Analysing our 2022 garden: strawberries and asparagus

Okay, it’s that time! I’ll be working on a serious of posts, going over how our 2022 garden went, what worked, what didn’t, and what didn’t even happen at all. This is help give us an idea of what we want to do in the future, what we don’t want to do in the future, and what changes need to be made.

This is our second year for the purple asparagus. We should have one more year of letting them establish themselves before can we start harvesting anything.

I’d read that strawberries are a good companion plant for asparagus, so we bought some transplants this spring. Eventually, we plan to have a lot more strawberries as part of our self-sufficiency goals, but this was just a start. I hoped that we would be able to use runners to expand our strawberries next year.

I also snagged a package of 10 bare root, white strawberries as a spur of the moment purchase. We planted those in a new bed along the chain link fence, where the potato grow bags had been the year before.

The Results:

The asparagus and red strawberries may have been in a low raised bed, but the asparagus crowns get buried quite deep, and that bed ended up affected by the “moat” that formed around the garage with this spring’s flooding. (click on the images to see them full size)

The asparagus bed had been well mulched for the winter. When we transplanted the strawberries, the straw mulch was moved to around the bed, and wood shavings were added for a lighter mulch on top of the bed. That was done in early June and when the straw was moved, we could see that some asparagus spears were starting to make their way through the straw.

Then the flooding happened. I don’t think I’ve ever seen standing water that close to the house before! It’s hard to tell in the picture of the flooded yard, but the path around the beds at the chain link fence were filled with water, too.

Where the white strawberries were planted, however, was high enough that it wasn’t affected by the flooding in any significant way.

We did get a few red strawberries, but most of the berries ended up pretty misshapen and didn’t fully ripen. They just did not do very well at all. Lack of pollinators may have played a part in that.

As for the white strawberries, I thought we might have had some start to grow, but what I thought was a strawberry turned out to be a local weed that has leaves similar to strawberries. Not a single white strawberry grew, and I don’t really know why.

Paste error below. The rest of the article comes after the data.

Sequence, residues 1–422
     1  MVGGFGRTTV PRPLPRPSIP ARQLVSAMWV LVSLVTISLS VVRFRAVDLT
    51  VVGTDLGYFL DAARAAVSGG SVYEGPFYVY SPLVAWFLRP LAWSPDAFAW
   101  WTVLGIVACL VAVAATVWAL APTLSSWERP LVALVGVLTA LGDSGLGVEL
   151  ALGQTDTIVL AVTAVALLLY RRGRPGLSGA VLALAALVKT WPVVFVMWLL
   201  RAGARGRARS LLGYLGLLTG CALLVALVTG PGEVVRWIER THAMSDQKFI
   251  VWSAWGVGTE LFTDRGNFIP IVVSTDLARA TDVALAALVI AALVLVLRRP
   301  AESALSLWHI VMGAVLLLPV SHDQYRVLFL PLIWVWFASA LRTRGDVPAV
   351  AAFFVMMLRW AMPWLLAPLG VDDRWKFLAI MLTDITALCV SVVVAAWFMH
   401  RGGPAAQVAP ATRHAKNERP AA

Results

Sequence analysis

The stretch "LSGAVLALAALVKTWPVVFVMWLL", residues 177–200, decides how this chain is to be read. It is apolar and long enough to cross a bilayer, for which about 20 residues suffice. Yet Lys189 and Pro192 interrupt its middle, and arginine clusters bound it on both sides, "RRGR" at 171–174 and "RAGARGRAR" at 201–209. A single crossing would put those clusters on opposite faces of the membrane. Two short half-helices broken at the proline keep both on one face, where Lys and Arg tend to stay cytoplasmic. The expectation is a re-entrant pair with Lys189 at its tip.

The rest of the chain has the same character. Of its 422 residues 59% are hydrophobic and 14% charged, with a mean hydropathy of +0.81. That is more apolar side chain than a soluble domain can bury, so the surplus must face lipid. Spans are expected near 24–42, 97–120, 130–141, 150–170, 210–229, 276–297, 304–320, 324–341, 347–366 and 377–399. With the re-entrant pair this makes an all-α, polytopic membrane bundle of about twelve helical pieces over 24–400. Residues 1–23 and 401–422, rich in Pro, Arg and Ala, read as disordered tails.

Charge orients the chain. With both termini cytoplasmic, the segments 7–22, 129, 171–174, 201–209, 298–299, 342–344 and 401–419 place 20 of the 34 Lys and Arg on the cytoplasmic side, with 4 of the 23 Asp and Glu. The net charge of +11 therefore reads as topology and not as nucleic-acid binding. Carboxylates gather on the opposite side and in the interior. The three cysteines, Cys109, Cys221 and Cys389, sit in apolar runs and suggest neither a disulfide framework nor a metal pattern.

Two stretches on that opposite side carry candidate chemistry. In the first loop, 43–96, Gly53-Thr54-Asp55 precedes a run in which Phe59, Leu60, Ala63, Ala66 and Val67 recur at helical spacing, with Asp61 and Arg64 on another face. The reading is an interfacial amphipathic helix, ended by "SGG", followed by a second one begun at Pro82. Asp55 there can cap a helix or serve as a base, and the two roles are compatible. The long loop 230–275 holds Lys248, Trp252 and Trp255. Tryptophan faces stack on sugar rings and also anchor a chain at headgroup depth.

With the asparagus, we are looking at 20 years of production in one place, so it’s not like anything is going to change, there – as long as they survive! There were fewer spears this year, than in their first year. I suspect that they have been set back at least a year, by the flooding.

Part of the plan had been to get more asparagus crowns every year, with both green and purple varieties, but that just didn’t happen for 2022. Finding a spot that can be given over to something for at least two decades is always a challenge, however with this spring’s flooding, that just wasn’t going to happen. We will have to keep in mind what areas so the most water collecting, and make sure to avoid them.

As for the red strawberries, the bed has been mulched, so hopefully they will survive the winter, and we’ll see better production next year.

The white strawberries were a complete fail. I would still like to try them again, but will likely order a different variety from somewhere else.

Strawberries can be planted under other things as a productive ground cover, so we have more flexibility when it comes to deciding where to plant them. We could order the roots in packages of 25, to be shipped in the spring. I’m thinking of getting at least one 25 pack, and planting them around the Silver Buffaloberry. Something we still have to decide on.

The Re-Farmer

Leave a Reply

Fill in your details below or click an icon to log in: Logo

You are commenting using your account. Log Out /  Change )

Twitter picture

You are commenting using your Twitter account. Log Out /  Change )

Facebook photo

You are commenting using your Facebook account. Log Out /  Change )

Connecting to %s